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The Rise of ‘Luxury Leisure’ Travelers Has Made Business Class Seats Harder to Find

Fliers are willing to pay for the more expensive cabins after being grounded for so long.

business class Seat with champagne waiting for a Passenger Bertlmann/Getty Images

With the easing of lockdowns and border restrictions across the globe, international travel has well and truly ramped up. So too has the number of passengers willing to shell out for a premium flying experience.

Seats in the top-tier cabins are being snapped up by a new breed of “luxury leisure” travelers flush with cash saved during the pandemic. At the same time, fliers are getting savvier with leveraging airline status and mileage to ensure they get the best deal. As a result, many airlines are upgrading amenities to attract high fliers. Air France, for example, recently revealed plans for a new business cabin with fully flat seats. Virgin Atlantic is also rolling out its new premium economy and business suites in the fall.

“Premium continues to lead with load factors and yields higher than 2019,” Delta Air Lines president Glen Hauenstein told Robb Report via email. “And as we increase the mix of premium seats in our fleet, improve the display in sales channels, and see progression in the recovery of the business, the premium will continue to grow.”

Business seats become more competitive as travel continues to make a bounce back. Pete Ark/Getty Images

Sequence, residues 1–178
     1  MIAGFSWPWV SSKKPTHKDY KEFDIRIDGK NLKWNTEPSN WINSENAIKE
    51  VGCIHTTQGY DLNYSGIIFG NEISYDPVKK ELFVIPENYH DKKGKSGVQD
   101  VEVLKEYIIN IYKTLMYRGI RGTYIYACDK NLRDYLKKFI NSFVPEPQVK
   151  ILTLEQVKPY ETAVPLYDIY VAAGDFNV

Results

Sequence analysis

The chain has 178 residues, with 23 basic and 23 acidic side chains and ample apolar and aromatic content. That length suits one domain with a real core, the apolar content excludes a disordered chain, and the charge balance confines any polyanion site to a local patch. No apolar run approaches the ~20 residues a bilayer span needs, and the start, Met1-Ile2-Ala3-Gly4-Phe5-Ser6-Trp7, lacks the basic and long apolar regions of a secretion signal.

It seems more travelers are prepared to fork out for expensive seats on leisure trips after being grounded for so long. According to Travel Agent Central, roughly 12 percent of US travelers planned to splurge on more luxurious accommodations in 2021, with searches for “luxury hotels” and “luxury spas” higher than usual. In addition, more professionals are opting for premium cabins on business trips.

“We had record paid load factors in every one of our premium cabins during the quarter,” Hauenstein adds. “Actually, the encouraging factor is the continued momentum in corporate authorizing premium travel for their employees who are frequently traveling.”

According to data gathered by aviation analytics company Cirium, there was a 10 percent increase in the price of a business class seat across international flights between June 2019 and June 2022. With domestic flights, however, there has been the opposite effect. The average price for a business class seat on a domestic flight in 2019 was $1,708 and it dropped to $1,447 in 2022. Although the price of tickets may fluctuate, it appears the demand for a seat is most definitely there.

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